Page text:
Here is a post from 2010 back when I did my first triathlon, back when I could take it or leave it.
My First Triathlon
So last Sunday I did my first sprint triathlon, the Mid Sussex Triathlon. The day started at 5.00 when me and Tom woke up to a quick breakfast and a cup of tea. A short drive to the Triangle Leisure Centre in Burgess Hill and we were set to have our numbers draw on us in the strongest permanent marker in the world (Which took 3 days to wash off). After registration we took our carefully packed tri boxes and bikes to the transition area.
After laying out my foot towel in the perfect foot drying position and my helmet, shades and top in the most efficient way possible. All this in the vein hope that when it came to the actual transition I would have some clue what the hell I was supposed to be doing.
Stuff sorted we waiting casually chatting with the other competitors about the course and general pre-race banter. Ranging from our kit to subtle ways to psych one another out. After the race briefing the first swimmer started at 7.00. Me and my brother took a walk to the observation deck in the pool to watch the starters. This was when the nerves started to kick in.
More and more of the swimmers started my start time neared and my position in the line grew shorter. With only four competitors I turned to my brother, now feeling really nervous, and said "Whose stupid idea was this?"
There was no one in front of me and I was in the pool. Three. Two. One. I was off. Nothing quite prepared myself from going from full of nerves to race mode. Halfway down the first length my body woke up and all the training I had done kicked in. No longer nervous. A single thought in my mind. Swim straight, don't drown don't waste to much energy.
The final length of the swim drew to a close and it was time to get out of the pool. Using the steps, as not to make a tit of myself if i fell over, I pulled myself out and started the run to the transition area to get ready for the bike ride. I had no idea what the hell I was supposed to be doing. I got to the transition area remembering only one thing. Make sure you helmet is on before you touch your bike. I stand on the towel, move my top out of the way and put my helmet on it. Pick up top and realise that I need to take my helmet off, put my top on, put my helmet on and step into my shoes. Now its time to pick up my bike and run with it to the mounting area. Enter the mounting area mounting my bike and start to ride narrowly missing a woman trying to get her bike into gear. A luck escape as I don't think she would have been too happy if I had ridden into her. Exiting the leisure centre the race portion begins.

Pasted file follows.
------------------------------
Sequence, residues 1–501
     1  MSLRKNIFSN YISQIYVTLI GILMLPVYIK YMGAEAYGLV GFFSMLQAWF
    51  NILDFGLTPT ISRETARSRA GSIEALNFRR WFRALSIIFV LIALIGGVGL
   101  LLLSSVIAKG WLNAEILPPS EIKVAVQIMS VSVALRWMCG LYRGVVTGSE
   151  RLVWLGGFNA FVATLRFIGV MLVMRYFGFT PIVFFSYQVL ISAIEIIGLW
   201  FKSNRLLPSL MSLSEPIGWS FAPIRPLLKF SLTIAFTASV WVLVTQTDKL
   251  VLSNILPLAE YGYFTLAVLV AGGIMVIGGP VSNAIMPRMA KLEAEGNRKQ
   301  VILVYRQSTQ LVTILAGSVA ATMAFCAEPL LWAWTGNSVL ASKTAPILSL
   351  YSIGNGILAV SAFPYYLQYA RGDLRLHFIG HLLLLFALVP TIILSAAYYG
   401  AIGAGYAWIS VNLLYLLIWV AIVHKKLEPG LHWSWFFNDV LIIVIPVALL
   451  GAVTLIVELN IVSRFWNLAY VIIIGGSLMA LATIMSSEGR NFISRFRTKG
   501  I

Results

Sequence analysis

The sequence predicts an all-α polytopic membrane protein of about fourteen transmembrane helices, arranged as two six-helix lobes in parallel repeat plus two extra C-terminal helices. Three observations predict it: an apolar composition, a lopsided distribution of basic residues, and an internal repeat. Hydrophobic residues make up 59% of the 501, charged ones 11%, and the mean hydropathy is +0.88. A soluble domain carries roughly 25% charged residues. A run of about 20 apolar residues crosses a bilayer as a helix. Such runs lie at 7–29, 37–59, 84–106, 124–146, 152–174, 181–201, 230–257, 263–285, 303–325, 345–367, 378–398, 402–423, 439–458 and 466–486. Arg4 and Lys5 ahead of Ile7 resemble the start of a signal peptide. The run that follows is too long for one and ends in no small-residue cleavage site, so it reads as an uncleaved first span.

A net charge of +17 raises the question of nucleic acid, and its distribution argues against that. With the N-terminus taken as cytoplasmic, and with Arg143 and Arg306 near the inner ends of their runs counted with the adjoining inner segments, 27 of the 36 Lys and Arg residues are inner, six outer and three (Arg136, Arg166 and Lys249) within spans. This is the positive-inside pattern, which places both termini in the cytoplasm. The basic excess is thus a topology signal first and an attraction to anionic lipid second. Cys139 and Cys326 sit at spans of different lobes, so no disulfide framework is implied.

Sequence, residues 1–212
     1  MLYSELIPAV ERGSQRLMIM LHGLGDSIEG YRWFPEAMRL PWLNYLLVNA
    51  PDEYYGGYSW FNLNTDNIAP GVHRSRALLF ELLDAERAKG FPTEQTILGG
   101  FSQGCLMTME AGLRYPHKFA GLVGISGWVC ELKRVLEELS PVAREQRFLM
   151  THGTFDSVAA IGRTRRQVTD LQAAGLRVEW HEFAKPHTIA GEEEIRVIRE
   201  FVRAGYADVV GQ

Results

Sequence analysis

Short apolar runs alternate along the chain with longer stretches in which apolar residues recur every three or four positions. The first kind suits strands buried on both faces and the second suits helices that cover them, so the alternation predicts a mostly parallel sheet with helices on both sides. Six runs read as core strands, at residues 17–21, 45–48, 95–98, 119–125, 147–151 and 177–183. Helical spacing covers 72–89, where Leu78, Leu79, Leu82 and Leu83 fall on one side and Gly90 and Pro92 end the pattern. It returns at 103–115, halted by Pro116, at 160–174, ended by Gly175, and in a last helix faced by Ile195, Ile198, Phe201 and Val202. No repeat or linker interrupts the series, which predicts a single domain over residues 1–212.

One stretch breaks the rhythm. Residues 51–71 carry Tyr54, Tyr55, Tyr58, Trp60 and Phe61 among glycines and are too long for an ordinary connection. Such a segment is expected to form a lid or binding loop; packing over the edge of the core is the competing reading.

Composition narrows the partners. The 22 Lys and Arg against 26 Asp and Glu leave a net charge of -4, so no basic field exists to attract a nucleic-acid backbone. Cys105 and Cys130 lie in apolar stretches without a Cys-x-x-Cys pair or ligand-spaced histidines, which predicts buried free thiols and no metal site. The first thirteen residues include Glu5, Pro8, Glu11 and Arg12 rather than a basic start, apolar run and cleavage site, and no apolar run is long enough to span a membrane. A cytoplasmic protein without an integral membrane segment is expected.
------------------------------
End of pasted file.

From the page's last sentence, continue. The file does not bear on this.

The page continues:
For the majority of the bike ride there was nothing to worry about. A side from needing to practice on gear changes on the hills it all went fairly well. I was taken back a few times as the more experienced competitors, on really expensive bikes, wizzed past me closer than I expected. But after the first couple of times that happened I started to check behind me more often so that I knew who was behind me, and so that I wasn't causing an obstruction people who were clearly better than me. Like the people who overtook me on the steep up hill sections.
With the bike section drawing to a close I changed down gears to try and warm up my legs ready for the run. In my haste I changed down to many gears and was left coasting with my legs spinning around aimlessly. Coasting into the dismount area I jump off my bike and run it back to my place in the transition area to rack it up. Throwing my helmet into my box and picking up a bottle of water I head out for the final section, the run.
Leaving the transition area water bottle in hand I start the run. My legs feeling heavy from the cycle I knew it would only be a little longer before they would feel normal again. The run went fine with brownies lining the route with list of everyone's names and numbers ready to cheer you on just when you need it. With the final stretch drawing to a close, the cheers from the brownies getting louder and the finished line getting closer it was time to muster the last of my energy. It was time for a sprint finish. My legs where not quite feeling up to the job. Then I spy my bother, who had already finished waiting on the finish straight. I hold my arms out for a high five. High five received I now have the energy, pulled from the ether, to sprint the last little bit to the finish. Crossing the line and stopping my watch. Covered in sweat and in dire need for a shower and a cup of tea I look down at the time. 1:19:55. Happy that my first triathlon went better than my first marathon.